3 gloves of fresh garlic, sliced
2 pounds ground pork
4 ounces of crimini mushrooms, sliced
24 ounces tomato sauce
1 pint ricotta cheese
¼ cup chopped Italian parsley
4 ounces fresh mozzarella, cut into chunks
1 cups shredded mozzarella
½ cup grated Parmesan
1 tablespoon freshly ground pepper
1. Preheat oven to 350˚ F.
2. In a medium-sized stock pot, fill three-quarters full with water. Bring water to boil and add kosher salt to the water. Gently add all the noodles to the boiling water. Cook until just al dente, about 8 to 10 minutes. Drain and run cold water over the noodles.
3. In a large saucepan over medium heat, add the olive oil. Once warm, add the onion and garlic. Saute until translucent. Crumble up the ground pork and add to the onion/garlic mixture. Season with salt and pepper. Cook the pork until browned, about 7 minutes. Add the mushrooms and saute until tender. Add the tomato sauce and bring to a simmer. Once at a simmer add the ricotta. Stir to incorporate. Then add the parsley and set aside.
4. In a 9-by-13-inch casserole pan, place a layer of noodles into the base of the pan. Spoon over some tomato sauce to cover the noodles. Stud the top with some of the fresh mozzarella and sprinkle some of the grated mozzarella and Parmesan. Repeat the process until you have used all of the noodles. Finish the top with sauce and cheese. Cover with aluminum foil and bake for 45 minutes. Remove the foil from the top and let brown for another 10 minutes. Once finished, remove from the oven and let cool for 5 minutes before cutting.
Lamagna has worked at downtown hotspot Clyde Common since 2014, and works a bit of his Filipino heritage onto the menu (try the crispy pata, aka deep-fried pig trotters). The vibe is communal, small plates stand out and the lights are low. At home, though, his buttermilk-brown butter pancakes are a hot-ticket item.
“Cooking with Rishi … helps build our bond and it is awesome for me to see his eyes light up when he sees something cool, like rolling pasta. He usually asks to cook with me when I am making dinner and he will drag his ‘cooking chair’ over to the cutting board. I love it.”
— Carlo Lamagna
Buttermilk-brown butter pancakes
Serves a hungry family of four at Sunday brunch, with leftover batter for Monday morning.
2 tablespoons sugar
4 cups pastry flour (50 percent bread flour and 50 percent all purpose)
½ tablespoon baking soda
2 tablespoons baking powder
5 egg yolks
1 quart buttermilk
6 ounces brown butter, cooled*
Butter, for frying
1. Mix all the dry ingredients together.
2. Whisk whole eggs, yolks and buttermilk together until fully incorporated. Then whisk in brown butter to distribute evenly into mixture. Butter will seize up into smaller clumps as it makes contact with the cold liquids.
3. Add the wet ingredients to the dry ingredients and whisk together until just blended. Batter will appear clumpy. Pro tip: To avoid a gummy pancake, don’t overwork the batter.
4. Heat up a nonstick pan or cast-iron skillet on medium heat and add whole butter. Add desired amount of batter to the pan. When surface starts to bubble, flip the pancake. Both sides should be golden brown.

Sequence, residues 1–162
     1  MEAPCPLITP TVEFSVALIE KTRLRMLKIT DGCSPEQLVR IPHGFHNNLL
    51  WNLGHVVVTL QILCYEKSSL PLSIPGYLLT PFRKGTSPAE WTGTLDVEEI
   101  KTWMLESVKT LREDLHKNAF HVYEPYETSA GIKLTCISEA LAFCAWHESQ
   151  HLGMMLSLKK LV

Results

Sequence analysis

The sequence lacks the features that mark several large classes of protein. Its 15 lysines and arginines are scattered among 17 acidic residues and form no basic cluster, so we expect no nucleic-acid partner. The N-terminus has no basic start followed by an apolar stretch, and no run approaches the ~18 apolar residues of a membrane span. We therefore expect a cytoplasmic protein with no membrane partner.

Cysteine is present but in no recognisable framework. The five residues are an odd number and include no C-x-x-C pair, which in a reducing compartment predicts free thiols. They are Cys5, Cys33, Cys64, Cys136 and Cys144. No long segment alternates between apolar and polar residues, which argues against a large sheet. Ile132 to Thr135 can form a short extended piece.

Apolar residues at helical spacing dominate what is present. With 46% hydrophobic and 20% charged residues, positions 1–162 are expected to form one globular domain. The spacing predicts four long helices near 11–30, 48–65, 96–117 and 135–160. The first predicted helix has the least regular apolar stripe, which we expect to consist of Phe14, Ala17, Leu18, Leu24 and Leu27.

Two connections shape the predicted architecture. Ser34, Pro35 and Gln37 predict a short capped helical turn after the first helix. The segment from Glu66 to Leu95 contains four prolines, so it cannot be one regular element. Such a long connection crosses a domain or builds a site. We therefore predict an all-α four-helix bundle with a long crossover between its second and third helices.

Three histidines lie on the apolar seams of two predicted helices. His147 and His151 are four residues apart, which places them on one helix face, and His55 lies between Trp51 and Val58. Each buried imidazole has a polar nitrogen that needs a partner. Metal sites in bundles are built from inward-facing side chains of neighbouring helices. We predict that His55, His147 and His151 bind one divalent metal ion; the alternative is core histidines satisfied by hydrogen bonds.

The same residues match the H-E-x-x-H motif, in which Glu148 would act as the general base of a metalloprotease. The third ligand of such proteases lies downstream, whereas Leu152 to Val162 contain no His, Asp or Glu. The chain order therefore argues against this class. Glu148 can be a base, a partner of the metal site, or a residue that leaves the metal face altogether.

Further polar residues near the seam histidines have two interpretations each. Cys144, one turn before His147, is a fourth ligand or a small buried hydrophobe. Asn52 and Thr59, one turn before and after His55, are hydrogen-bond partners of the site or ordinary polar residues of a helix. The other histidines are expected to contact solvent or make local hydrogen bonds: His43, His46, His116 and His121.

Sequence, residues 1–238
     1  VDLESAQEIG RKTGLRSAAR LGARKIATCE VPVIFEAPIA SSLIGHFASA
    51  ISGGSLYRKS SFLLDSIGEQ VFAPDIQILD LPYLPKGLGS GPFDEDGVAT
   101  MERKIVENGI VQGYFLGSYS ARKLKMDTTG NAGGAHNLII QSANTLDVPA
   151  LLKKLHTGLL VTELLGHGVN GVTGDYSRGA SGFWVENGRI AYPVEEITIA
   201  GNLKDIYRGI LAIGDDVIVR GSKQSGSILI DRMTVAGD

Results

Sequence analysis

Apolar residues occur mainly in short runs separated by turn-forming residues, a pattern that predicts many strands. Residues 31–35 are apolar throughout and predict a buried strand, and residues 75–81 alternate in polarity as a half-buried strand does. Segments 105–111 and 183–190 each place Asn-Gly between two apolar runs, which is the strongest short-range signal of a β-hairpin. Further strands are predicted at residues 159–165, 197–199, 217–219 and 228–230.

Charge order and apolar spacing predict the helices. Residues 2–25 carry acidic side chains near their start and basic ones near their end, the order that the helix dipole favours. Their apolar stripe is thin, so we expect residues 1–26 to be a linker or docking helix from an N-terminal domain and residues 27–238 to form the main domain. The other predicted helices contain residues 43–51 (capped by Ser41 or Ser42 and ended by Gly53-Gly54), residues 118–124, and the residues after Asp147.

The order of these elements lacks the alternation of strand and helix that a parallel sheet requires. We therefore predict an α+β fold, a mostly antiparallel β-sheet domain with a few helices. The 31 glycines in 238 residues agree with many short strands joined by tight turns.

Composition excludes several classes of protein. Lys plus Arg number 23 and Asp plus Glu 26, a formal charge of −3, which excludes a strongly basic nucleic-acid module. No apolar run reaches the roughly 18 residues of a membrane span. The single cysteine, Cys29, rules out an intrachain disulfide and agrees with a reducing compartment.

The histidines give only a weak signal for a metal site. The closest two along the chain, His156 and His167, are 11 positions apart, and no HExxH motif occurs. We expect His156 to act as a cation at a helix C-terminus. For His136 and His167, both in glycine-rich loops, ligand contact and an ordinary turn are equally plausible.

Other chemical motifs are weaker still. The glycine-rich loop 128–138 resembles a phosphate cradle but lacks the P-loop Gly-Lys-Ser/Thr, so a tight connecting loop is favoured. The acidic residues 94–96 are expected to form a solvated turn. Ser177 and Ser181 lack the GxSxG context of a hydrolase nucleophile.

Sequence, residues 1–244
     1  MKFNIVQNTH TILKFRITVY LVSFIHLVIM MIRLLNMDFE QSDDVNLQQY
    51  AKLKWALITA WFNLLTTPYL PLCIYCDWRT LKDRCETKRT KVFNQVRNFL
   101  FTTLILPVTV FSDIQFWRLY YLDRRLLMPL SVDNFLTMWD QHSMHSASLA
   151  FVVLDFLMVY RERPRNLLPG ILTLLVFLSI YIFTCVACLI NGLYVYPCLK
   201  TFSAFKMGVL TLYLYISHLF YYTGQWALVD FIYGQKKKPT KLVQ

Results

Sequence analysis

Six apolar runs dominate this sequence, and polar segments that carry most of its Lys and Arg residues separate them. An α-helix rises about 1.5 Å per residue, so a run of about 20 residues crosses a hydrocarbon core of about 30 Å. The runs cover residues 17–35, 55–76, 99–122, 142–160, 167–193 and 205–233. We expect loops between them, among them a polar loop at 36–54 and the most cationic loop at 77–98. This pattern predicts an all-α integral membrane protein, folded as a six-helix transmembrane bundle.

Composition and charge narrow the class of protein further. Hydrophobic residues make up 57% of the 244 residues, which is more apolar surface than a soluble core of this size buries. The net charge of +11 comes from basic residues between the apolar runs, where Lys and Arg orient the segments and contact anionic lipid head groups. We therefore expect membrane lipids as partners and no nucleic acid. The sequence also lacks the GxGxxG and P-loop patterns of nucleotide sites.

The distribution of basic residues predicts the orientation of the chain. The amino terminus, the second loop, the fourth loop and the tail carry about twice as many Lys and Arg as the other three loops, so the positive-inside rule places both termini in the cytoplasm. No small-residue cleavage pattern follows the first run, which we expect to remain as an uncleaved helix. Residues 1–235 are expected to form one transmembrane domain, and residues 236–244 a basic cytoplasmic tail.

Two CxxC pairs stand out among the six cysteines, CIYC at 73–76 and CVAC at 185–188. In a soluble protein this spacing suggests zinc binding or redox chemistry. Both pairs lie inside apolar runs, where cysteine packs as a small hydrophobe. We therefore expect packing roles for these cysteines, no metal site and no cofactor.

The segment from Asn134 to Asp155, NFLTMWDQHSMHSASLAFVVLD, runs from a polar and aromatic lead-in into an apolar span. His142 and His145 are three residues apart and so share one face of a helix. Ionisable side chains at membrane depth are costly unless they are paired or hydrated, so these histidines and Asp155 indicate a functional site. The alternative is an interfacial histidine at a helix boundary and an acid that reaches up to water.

*Note, to brown butter, melt it over medium heat. Watch for the butter to start to foam, and change colors, from the familiar sunny yellow to a roasted marshmallow shade of brown. The butter will start to smell a little nutty at that point; take it off the heat, and put into a heat-proof bowl to cool down.
Even in progressive Portland, there aren’t too many woman running the show at more upscale restaurants, let alone mothers of babies who are still teething. But Coquine, which just opened in July, had a secret weapon in Millard, who trained in France in Michelin-starred kitchens. The Oregonian calls her food “beyond promising” — Hugo is still young enough to be gumming on the raw carrots she uses as a base for the salad shared here.
“Hugo constantly surprises me with the foods that he goes crazy for! He fights me for the juice from oysters, slurps spicy ramen broth, and licks the mustard off of the bread on his sandwiches.”
— Katy Millard
Roasted Carrot Salad with Rosemary, Capers and Hard-boiled Eggs
Serves 4 to 6
1 tablespoon canola oil
2 pounds medium carrots, peeled and trimmed
¼ teaspoon minced fresh rosemary
3 tablespoons olive oil
1 teaspoon capers, drained and chopped
¼ cup dry bread crumbs
2 cups arugula (or mustard greens, or mizuna)
1 teaspoon dijon mustard
2 tablespoons sherry vinegar(or red wine vinegar)
¼ cup canola oil
2 tablespoons good olive oil
1. Preheat oven to 350˚ F.
2. Hard-boil the eggs: In a medium saucepan, cover eggs generously with water and bring to a boil. Boil for 8 minutes, then drain and place eggs in ice water to cool. Peel the eggs and refrigerate.
3. Roast the carrots: Gently heat the canola oil in a cast iron pan (or two) large enough to hold the carrots in one layer. Put the carrots in the pan(s) and toss gently to coat. Season generously with salt, and lightly brown them on all sides. Cover the pan(s) with aluminum foil, and roast in the oven for 15 to 25 minutes, until very tender. Cool slightly, cut into 1- to 2 inch pieces, and taste for seasoning. Toss with more salt if necessary.
4. Make the vinaigrette: Whisk together the mustard, vinegar and a pinch of salt in a medium bowl. Slowly drizzle in the canola oil while whisking, and finish with the olive oil.
5. Make bread crumbs: Lightly heat 3 tablespoons of olive oil with the rosemary, until aromatic, let cool and combine with the capers, bread crumbs, and a pinch of salt.
6. Press the hard-boiled eggs through a sieve, or chop finely with a knife.
7. Toss the carrot pieces with the arugula, and enough salt and sherry vinaigrette to season nicely. Divide among your plates, and top with the rosemary bread crumbs and the hard-boiled eggs.
Where to Find Our Chefs:
Carlo Lamagna: Clyde Common 1014 SW Stark Street, Portland
Katherine Deumling: cookwithwhatyouhave.com
Katy Millard: Coquine 6839 SE Belmont Street, Portland
Juan Fernando Otero: Holy Mole 1419 SE 33rd Avenue, Portland
Adam and Jackie Sappington: The Country Cat 7937 SE Stark Street, Portland